“He who loves silver will not be satisfied with silver; nor he who loves abundance, with increase. This also is vanity.” — Ecclesiastes 5:10
I think Americans are generally uncomfortable with limits. Ours is a consumeristic culture: we want unlimited options; we want what we want, when we want it, and for the cheapest price possible.
We apply this consumeristic mindset to other aspects of life, too. We want to have accomplished careers and idyllic family lives. We want the promotion with the corner office and the healthy marriage, comfortable home, and well-adjusted children (of which we want one boy and one girl, of course, so that we don’t miss out on raising either gender). And, just as we have a list that guides us in the grocery store, when we act as consumers of life itself, it feels like our lives become ruled by an invisible checklist: impressive job title? Check. Spouse and kids? Check. Three-bedroom house? Check. Vacation condo in Florida? Check.
Of course, having any or all of those things is not inherently destructive. It’s good to believe in ourselves, follow our passions, and try to do something meaningful and fulfilling with our lives.
There is danger, however, when completing the invisible checklist becomes the endgame. It’s harmful when the checklist weighs so heavily over our lives that our goals and desires overshadow what we have in the present. This kind of thinking is easy to slip into: “Once I finally get [blank], then I’ll be happy,” or “I’ll know I’ve really made it when I finally [blank].” I often lose sight of the good things God has given me here and now by fretting over what someone else has (or appears to have, from my biased and limited perspective), and the only real result of that is more anxiety and dissatisfaction. It is idolatry: I worship achievements, experiences, and myself. I expect these things to make me happy and whole. I know this, but I do it anyway.
Maybe life isn’t all about “having it all.” There’s a quote from a Maurice Sendak book that goes, “There must be more to life than having everything.”
There must be more to life than having everything.
I don’t know about you, but I feel so relieved when I read those words. It’s such a refreshing thought that life is more than a checklist of accomplishments and milestones we must collect like trophies. Life is more than an increasingly exhausting “race to the top” or the next thing we want to say we’ve done, to somehow prove that we are valuable, capable, and satisfied (to others or to ourselves).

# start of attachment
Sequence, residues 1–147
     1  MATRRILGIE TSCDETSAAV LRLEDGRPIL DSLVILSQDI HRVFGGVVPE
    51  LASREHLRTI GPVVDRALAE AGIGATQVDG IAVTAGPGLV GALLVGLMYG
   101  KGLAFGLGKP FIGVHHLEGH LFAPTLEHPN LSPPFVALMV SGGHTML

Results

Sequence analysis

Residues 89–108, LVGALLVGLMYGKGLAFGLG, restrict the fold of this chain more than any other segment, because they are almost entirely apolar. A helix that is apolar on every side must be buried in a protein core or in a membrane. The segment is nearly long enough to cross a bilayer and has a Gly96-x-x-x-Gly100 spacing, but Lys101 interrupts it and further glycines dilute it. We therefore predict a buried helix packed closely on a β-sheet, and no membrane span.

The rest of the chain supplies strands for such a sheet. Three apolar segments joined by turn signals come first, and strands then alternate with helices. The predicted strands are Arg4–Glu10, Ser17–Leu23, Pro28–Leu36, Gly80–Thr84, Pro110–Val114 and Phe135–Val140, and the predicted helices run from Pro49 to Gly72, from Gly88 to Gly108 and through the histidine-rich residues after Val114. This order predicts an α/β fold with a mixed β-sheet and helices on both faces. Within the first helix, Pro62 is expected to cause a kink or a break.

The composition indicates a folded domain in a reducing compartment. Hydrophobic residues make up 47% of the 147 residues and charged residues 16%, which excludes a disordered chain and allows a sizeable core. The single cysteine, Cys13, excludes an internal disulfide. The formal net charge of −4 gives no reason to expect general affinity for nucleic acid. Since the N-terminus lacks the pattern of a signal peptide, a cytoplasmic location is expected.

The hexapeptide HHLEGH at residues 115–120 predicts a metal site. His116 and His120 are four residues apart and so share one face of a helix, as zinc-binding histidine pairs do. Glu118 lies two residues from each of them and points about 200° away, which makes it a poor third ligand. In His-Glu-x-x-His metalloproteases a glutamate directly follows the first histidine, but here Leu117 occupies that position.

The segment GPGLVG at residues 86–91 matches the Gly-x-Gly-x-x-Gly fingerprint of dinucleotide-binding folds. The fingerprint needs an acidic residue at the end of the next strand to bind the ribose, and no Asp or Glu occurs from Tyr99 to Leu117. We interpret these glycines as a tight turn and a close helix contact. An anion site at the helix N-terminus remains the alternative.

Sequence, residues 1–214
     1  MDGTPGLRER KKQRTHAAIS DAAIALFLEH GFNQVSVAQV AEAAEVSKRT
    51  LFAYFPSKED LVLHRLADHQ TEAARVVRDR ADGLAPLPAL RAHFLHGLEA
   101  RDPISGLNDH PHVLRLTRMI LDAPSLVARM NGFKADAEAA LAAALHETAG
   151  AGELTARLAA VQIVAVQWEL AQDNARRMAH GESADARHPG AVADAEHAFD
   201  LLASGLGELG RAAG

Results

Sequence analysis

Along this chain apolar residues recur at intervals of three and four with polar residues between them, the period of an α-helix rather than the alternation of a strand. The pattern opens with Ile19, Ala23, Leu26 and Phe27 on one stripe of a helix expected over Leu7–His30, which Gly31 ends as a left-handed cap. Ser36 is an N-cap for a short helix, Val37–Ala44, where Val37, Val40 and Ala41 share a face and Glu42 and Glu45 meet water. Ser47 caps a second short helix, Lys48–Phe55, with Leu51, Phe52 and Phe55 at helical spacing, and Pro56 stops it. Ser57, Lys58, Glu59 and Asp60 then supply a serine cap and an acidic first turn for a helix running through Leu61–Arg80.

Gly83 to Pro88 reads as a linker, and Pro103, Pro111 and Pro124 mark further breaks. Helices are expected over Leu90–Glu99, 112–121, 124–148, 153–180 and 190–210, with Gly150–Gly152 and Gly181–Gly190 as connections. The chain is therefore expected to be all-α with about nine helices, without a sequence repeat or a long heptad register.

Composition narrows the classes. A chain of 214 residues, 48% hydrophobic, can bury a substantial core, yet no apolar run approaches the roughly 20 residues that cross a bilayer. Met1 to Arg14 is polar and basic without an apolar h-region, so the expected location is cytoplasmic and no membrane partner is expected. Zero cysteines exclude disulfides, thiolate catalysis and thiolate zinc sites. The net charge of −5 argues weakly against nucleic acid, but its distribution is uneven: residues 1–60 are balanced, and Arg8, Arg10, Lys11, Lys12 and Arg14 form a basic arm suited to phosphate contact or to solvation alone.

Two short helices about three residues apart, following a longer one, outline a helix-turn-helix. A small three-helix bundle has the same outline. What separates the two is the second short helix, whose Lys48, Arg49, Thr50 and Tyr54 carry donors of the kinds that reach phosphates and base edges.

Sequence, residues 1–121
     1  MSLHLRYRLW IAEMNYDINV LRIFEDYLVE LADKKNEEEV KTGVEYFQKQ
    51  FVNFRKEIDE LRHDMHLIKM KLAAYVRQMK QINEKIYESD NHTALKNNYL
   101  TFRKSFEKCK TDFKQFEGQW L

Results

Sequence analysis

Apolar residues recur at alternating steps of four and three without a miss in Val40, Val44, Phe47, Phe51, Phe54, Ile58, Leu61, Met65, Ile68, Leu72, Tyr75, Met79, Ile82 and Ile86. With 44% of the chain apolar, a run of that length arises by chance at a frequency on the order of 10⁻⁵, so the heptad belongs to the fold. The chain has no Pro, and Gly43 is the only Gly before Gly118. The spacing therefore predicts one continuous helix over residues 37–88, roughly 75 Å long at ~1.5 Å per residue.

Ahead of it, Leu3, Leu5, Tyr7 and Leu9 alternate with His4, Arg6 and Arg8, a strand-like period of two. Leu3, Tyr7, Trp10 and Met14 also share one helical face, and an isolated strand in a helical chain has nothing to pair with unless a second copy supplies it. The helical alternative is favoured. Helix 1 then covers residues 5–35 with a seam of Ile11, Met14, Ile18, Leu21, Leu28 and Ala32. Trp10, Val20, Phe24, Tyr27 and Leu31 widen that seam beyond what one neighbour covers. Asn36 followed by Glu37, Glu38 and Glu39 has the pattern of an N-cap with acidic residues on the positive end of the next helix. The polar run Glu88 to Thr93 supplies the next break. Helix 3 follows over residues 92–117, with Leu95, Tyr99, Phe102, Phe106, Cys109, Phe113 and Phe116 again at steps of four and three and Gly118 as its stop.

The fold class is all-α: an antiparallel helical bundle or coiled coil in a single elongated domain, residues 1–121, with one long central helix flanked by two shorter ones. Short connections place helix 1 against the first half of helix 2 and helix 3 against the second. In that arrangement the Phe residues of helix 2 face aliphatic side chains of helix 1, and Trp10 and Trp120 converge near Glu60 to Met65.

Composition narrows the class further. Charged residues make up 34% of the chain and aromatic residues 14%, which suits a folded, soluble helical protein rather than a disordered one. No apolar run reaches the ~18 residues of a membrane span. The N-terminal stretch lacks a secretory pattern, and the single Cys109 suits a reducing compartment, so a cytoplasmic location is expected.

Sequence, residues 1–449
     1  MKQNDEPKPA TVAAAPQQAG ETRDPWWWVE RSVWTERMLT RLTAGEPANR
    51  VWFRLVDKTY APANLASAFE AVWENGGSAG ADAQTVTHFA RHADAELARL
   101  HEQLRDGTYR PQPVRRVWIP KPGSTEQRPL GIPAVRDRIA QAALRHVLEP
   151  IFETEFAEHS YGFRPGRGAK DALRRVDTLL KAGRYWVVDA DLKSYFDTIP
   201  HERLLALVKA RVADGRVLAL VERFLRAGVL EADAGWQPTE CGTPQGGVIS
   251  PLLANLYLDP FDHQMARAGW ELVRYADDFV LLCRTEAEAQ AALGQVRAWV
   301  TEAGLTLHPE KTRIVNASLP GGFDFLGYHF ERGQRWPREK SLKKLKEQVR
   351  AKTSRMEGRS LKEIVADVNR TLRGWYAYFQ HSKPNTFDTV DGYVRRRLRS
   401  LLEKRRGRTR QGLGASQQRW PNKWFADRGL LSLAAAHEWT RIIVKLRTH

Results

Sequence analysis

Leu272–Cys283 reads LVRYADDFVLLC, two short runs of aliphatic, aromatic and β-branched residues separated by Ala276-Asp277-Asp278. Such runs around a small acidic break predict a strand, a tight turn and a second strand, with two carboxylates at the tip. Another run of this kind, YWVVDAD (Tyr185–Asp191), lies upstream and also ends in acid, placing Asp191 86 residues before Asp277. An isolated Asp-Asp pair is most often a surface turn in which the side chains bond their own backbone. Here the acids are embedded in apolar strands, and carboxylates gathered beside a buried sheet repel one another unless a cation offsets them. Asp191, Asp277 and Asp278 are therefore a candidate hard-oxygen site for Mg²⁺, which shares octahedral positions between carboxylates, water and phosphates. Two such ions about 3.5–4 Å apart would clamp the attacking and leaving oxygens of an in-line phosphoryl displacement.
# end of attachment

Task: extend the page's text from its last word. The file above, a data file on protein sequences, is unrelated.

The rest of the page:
Maybe we should make our lives more about giving and less about having—more about serving and less about achieving. Maybe I shouldn’t worry so much about whether or not things or relationships in my life are making me happy. Instead, I should focus on what I can do to make those relationships stronger and healthier. Maybe instead of worrying that others are living better lives than I am, I should focus on how I can best love others.
Maybe I won’t visit all the places I hope to visit. Maybe I won’t get my “dream job.” Maybe I won’t live in the hippest city or have just as many kids as I want. Maybe I won’t ever publish a book.
And maybe I will get some of those things, or even all of them.
But I’m certain that my life will be emptier if those are the things I care most about, because really, all of those things translate into one primary concern: myself.
So instead of living life based on an obscure list of accolades that I think will make me happy or prove my value, I must embrace the life that I have and focus on grounding it in the God who created me and you and all things, the God who always loves us and keeps watch for our return, whether we have strayed for a few minutes or for many years. And maybe he has something in mind for all of us that’s better, more rewarding, and certainly more sanctifying than anything we could possibly think of to put on a checklist.